When I lived in Prague back in 2012, I had a Slovak student. He was a pilot for a private jet company and spent his time traveling around the world. He showed me the expensive gifts he bought his wife: a new car, diamond earring, trips to Spain. He had everything. And yet, as it often goes with people who have everything, he was nostalgic for his youth when he had nothing. He talked fondly of his life under Communism.
“I used to go to Bratislava on weekends with a list of items I wanted to buy. If I could find six of ten of those items, I was happy,” he told me. “Now I can buy anything. There are so many options, I never know which is correct.”
“In the early 90s, after we left Communism, my friend started a car painting company. I went to him for a paint job and he asked me what color I wanted. He brought out a binder of colors. There were 10,000 colors. Ten thousand!” He was incredulous. “Before there were only ten colors: blue, green, white, black, beige….. How could I ever make a decision with 10,000 choices?”
I didn’t completely understand him back when I was 22. At 22, I still saw the world as a series of set pathways and less as a cluster of hundreds of thousands of decisions and opportunities. I had a vision for my life that followed a pretty strict timeline of successes and life milestones.
Colombia (Last Year)
I arrived in Colombia the first time in June of last year. It was an unexpected decision, fueled partially by the Argentinian winter and partially by my longtime inability to settle down. When I say “settle down,” I don’t only mean a location. I rarely commit 100% to my relationships (romantic and otherwise) and I’m constantly changing my mind about the things I want to do with my life. I spend an exorbitant amount of time trying to maintain my “freedom” and protecting myself from getting too tied down to anything. It’s a bit immature. I’m not sure if it makes me happy or not. Sometimes yes, sometimes no.
When I first arrived in Medellin in June, I felt a bit lonely. I wrote a blog called “Nomadic Blues.” I never posted it but it went something like this:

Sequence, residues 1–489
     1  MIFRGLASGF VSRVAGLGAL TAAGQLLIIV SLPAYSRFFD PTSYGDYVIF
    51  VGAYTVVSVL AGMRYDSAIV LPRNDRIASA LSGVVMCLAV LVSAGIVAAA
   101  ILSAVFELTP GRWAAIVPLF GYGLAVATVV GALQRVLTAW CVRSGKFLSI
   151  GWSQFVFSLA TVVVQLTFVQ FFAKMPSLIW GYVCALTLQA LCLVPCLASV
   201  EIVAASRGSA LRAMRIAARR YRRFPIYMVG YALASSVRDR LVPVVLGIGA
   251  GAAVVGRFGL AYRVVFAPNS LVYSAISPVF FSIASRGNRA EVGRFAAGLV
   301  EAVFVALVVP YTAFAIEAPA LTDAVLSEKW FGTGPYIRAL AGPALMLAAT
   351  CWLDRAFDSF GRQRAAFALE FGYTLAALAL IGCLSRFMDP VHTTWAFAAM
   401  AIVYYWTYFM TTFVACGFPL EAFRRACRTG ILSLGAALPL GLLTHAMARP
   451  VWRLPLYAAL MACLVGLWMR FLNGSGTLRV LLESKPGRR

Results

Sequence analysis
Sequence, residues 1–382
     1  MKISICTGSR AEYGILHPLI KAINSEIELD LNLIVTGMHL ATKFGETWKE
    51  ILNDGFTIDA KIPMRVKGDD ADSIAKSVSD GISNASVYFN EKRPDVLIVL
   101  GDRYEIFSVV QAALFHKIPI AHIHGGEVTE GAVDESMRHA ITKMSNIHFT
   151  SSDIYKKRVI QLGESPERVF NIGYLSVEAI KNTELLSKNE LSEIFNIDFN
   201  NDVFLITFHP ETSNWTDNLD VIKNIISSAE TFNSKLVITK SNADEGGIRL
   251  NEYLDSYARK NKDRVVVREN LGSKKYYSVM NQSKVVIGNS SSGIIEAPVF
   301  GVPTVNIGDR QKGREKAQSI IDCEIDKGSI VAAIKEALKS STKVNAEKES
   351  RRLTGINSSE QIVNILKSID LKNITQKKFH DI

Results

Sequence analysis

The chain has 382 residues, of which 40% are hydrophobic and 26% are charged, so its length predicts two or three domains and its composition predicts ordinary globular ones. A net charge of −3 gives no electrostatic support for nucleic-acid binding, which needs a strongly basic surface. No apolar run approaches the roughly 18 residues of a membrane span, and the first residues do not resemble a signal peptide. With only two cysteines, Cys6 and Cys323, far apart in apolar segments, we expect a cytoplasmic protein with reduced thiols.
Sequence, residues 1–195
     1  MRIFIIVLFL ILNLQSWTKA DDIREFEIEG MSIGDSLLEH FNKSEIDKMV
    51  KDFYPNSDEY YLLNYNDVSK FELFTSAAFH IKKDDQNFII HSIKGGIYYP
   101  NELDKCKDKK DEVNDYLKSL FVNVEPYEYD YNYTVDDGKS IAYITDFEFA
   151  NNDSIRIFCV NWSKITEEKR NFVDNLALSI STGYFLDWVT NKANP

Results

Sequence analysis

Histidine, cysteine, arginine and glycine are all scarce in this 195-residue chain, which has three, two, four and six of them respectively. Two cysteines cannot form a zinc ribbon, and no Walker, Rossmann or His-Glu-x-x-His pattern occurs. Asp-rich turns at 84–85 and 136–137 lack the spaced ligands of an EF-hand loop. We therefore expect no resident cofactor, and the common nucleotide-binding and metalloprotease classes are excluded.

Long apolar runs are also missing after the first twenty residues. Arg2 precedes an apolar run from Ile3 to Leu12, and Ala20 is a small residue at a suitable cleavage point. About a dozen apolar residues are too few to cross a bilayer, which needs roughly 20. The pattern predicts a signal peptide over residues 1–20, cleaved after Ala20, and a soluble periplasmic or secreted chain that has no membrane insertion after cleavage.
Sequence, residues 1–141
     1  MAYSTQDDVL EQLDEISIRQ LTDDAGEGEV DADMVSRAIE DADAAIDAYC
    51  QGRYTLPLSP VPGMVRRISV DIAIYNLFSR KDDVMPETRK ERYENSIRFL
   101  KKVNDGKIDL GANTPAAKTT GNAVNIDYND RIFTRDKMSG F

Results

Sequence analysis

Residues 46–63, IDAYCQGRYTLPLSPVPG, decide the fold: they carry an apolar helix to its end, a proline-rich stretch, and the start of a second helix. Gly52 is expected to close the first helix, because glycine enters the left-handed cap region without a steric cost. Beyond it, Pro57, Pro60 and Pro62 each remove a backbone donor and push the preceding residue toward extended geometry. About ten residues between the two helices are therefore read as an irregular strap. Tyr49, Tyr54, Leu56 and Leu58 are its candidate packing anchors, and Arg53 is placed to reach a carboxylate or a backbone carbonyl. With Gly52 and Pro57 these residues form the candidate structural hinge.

- Moving around can be incredibly exhausting
- Leaving behind friends and relationships is emotionally draining.
- I’m not sure how to unify my desire to roam around and to still develop concrete relationships. I think it is possible to an extent, but it takes a lot of energy and luck.
Pretty much anytime I move, I spend at least a month wondering if I’ve made the correct decision. When I first arrived in Medellin, I worried I had sabotaged my friendships and potential in Argentina. As it turned out, as it always turns out, I had a wonderful experience in Colombia. My Spanish really took off. I met some really incredible people. I felt healthy. I was incredibly happy, perhaps happier than I had been in a long time.
When I left Medellin in September of last year in order to return to Argentina, I wondered the same things: Is this the right decision? Why am I doing this? Why am I leaving what makes me happy due to itchy feet?
Returning to Colombia:
Loneliness and the Digital Nomad
I spent the last few months in Argentina, mostly because I had committed to living there before and I didn’t want to wonder, “What if?” What if I had stayed? What if I had returned? I wanted to give the country a second chance and to develop a stronger bond with it. I did. I never fully committed to being there for more than a few months. And it broke my bank account. I was happy in Argentina because of my friends and Damian, but ultimately I just felt like I should return to Medellin, for multiple reasons.
So a few weeks ago, I boarded a plane from Uruguay to Medellin. I’m here now for at least three months. I have an apartment with a lease. It’s beautiful. I’m looking for a gym. I set up an aggressive work schedule for myself. I made a bunch of money my first two weeks here.
I guess part of me hoped that things would be the same as when I left. They aren’t. So I’m faced with a lot of the questions I had when I arrived here back in June. As someone who can go anywhere and do just about anything, I spend a lot of time fretting over my decisions. It’s pretty much the best problem to have— too many opportunities. Please be clear I realize how privileged that is and understand how complaining about it comes across….
Yet moving around can be really lonely. Usually, it’s a good thing. Loneliness drives you to put yourself out there in different situations, to meet new people, and to have new experiences. Without loneliness, I wouldn’t have met most of the people I have met in my life. I wouldn’t feel so confident and independent. I’ve done this a hundred times, I can do it again. It passes quite quickly, usually.
But when I’m back in that “new” place, part of me always feels like fleeing to something familiar—going back to the U.S. or India. But I know, in the long run, that won’t make me happy. After all, coming back to Medellin was, in a way, me attempting to return to something familiar. But sometimes I think we use places as excuses for times in our life. I returned to Medellin but I can’t return to how my life was six months ago. I can return to India but it won’t be how it was a year ago.
There isn’t much of a conclusion to this, just that I hope in 2018 I can create a better vision for how I want the next few years to go in terms of relationships, work, and traveling. Right now I am nearly 100% remote. I’m tied only to a sure and stable wifi connection. However, I think in the next few months I’d like to have more of a reason to stay somewhere than just wifi. Here’s to building more concrete roots— in Colombia or elsewhere— in 2018.